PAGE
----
The Number 34: It is said that the horse has thirty-four ribs; and, as there is a special reference to this number, it has a special significance. The reference to the number thirty-four cannot be to the ribs of a horse; and if we reject this meaning, we should put Nature or Prakrti in its place, because it has thirty four parts, as has expressly been stated in the sacred books. There are verses in the Rig Veda in support of this explanation; and so it is only right that it should be accepted without hesitation or doubt. But there is authority for making a change in parts of this idea, even as we do in the case of water or food. But the whole idea would be negated if there were no connection between the parts of this number. (It is, however, permissible to make a little change in detail, without affecting the main idea; for instance, a liberal-hearted person, if he has the owl for a neighbor, may be described as a "mower of grass"; or we may substitute the word sword for a hatchet or knife, to express the glory of the arm of the person who uses it.

We have explained that the number twenty-four refers to Nature or Prakrti, as consisting of the unmanifest, intellect, ahankara and the mind; the five great "elements" and their respective properties; and the ten senses of knowledge and action. If to these we add the ten functions of the ten senses, we get the number thirty four, as completing still more fully the idea of Nature or Prakrti. The addition of the ten functions of the ten senses is by no means arbitrary, for we have a reference to the ribs of a horse which, as the (Upanishads and the Mimansa both tell us) refers to the senses; and so in dealing with the idea of this number we have to take into special consideration the significance attaching to the horse, who is said to have thirty-four ribs. But the Mimansa tells us that we can make a change in the details of this idea, even as we do in the case of water or food. Their essence remains the same; and any change we make can refer only to details.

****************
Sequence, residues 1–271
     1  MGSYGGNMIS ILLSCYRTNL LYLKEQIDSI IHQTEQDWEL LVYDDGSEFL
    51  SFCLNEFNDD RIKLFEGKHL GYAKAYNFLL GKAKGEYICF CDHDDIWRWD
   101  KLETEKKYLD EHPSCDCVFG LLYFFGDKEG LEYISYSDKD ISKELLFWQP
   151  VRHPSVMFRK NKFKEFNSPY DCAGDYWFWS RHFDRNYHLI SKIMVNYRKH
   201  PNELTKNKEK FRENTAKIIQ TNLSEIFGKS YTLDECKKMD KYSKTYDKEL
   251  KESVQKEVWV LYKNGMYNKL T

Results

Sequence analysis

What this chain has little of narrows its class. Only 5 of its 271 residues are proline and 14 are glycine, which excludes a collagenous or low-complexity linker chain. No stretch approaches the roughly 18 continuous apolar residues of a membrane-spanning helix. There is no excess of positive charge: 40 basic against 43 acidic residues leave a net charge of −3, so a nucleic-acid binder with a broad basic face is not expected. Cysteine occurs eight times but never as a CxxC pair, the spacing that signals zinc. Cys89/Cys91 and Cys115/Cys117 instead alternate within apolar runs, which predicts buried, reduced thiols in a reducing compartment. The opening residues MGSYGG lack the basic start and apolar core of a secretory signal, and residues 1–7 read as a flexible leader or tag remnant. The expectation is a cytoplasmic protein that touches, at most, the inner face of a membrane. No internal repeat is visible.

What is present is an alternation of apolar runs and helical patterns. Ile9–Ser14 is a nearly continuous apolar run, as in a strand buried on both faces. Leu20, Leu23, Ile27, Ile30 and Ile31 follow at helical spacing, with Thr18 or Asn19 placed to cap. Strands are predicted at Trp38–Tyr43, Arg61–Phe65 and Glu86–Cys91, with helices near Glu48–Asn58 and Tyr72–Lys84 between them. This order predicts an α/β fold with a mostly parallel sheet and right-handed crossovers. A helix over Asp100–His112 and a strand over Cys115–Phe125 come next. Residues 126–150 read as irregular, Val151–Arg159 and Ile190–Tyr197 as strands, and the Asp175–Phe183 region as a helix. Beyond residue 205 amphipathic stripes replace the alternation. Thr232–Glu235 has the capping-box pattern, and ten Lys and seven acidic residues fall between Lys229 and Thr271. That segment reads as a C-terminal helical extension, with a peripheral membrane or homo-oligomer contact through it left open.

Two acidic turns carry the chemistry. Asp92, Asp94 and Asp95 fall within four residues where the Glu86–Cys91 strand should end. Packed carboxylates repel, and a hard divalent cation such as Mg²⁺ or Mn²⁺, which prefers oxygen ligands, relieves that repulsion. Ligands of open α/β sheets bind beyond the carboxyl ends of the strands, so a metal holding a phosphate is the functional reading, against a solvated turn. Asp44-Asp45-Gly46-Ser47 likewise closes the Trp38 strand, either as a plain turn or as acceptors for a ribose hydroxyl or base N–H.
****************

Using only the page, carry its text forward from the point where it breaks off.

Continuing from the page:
Now the sacred books tell us that there are thirty-three gods, and their creator is Prajapati, the thirty-fourth; and all this should refer to Nature or Prakrti, for that is the general significance of the number thirty-four; and we have seen that the gods refer to the great forms and forces of Nature. It would therefore be of interest to consider how this number is made up. The sacred books tell us that this number is made up of twelve Adityas, eleven Rudras, eight Vasus, with Dyava-Prthivi or the two Asvins making a total of thirty-three. These should accordingly refer to the thirty-three manifest forms of Nature.

Now an Aditya is the name of the sun; and the twelve Adityas are said to refer to the sun in the twelve months of the year. But the sun is also a symbol of the intellect, as we have seen in the case of Agni; and so the twelve Adityas would refer to the function of the intellect, as including itself, ahankara or the I-as-an-actor, and the elements and their properties. With regard to the eleven Rudras, we have seen that the number eleven refers to the function of the mind, as including itself and the ten senses. The name Rudra also refers to the mind, for it is a name of Siva, who refers to it.

Special terms: The meaning of certain words like syena, salad, Kasyapa, kavasha, and sreka-parna, which have a well-known form, should be obtained in accordance with a definite juxtaposition or association of ideas; and these words should be taken in the manner in which they have been formed. The word Vasu - Va, su - means literally "(su) born of (va) Nature"; and so the eight Vasus refer to the eight divisions of Prakrti, intellect, ahankara, mind, and the five great "elements" mentioned in the Bhagavad Gita. There is a reference to the eight Vasus in the story of the Mahabharata, and there too their idea is the same. We have observed that Dyava-Prthivi refers to the senses of knowledge and action, and so do the two Asvins, or horses, as they are called. Thus we see that the number thirty-three refers to the manifest forms of Nature; and whatever variations there are do not affect the main idea. The thirty fourth, Prajapati, may be said to be the creator of all this; but his idea does not correspond to that of a moral creator of the universe. That is developed later in the ideas of Siva and Vishnu; and Siva means the good, and Vishnu is the supporter of life.